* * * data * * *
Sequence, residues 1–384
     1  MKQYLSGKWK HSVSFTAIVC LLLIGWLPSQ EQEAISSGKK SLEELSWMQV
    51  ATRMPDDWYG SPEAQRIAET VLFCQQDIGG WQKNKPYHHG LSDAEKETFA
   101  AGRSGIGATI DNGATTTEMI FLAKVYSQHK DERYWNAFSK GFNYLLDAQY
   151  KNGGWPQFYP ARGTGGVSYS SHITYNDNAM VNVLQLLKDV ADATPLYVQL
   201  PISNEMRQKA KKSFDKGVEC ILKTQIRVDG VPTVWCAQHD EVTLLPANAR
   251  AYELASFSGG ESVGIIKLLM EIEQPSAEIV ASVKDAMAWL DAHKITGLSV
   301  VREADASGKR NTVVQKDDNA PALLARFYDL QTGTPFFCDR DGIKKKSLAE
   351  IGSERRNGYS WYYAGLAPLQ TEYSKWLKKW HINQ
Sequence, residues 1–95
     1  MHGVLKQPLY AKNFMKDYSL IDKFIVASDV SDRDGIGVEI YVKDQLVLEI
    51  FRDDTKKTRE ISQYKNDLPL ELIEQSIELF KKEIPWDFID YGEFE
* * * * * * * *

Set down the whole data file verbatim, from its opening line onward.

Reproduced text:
Sequence, residues 1–384
     1  MKQYLSGKWK HSVSFTAIVC LLLIGWLPSQ EQEAISSGKK SLEELSWMQV
    51  ATRMPDDWYG SPEAQRIAET VLFCQQDIGG WQKNKPYHHG LSDAEKETFA
   101  AGRSGIGATI DNGATTTEMI FLAKVYSQHK DERYWNAFSK GFNYLLDAQY
   151  KNGGWPQFYP ARGTGGVSYS SHITYNDNAM VNVLQLLKDV ADATPLYVQL
   201  PISNEMRQKA KKSFDKGVEC ILKTQIRVDG VPTVWCAQHD EVTLLPANAR
   251  AYELASFSGG ESVGIIKLLM EIEQPSAEIV ASVKDAMAWL DAHKITGLSV
   301  VREADASGKR NTVVQKDDNA PALLARFYDL QTGTPFFCDR DGIKKKSLAE
   351  IGSERRNGYS WYYAGLAPLQ TEYSKWLKKW HINQ
Sequence, residues 1–95
     1  MHGVLKQPLY AKNFMKDYSL IDKFIVASDV SDRDGIGVEI YVKDQLVLEI
    51  FRDDTKKTRE ISQYKNDLPL ELIEQSIELF KKEIPWDFID YGEFE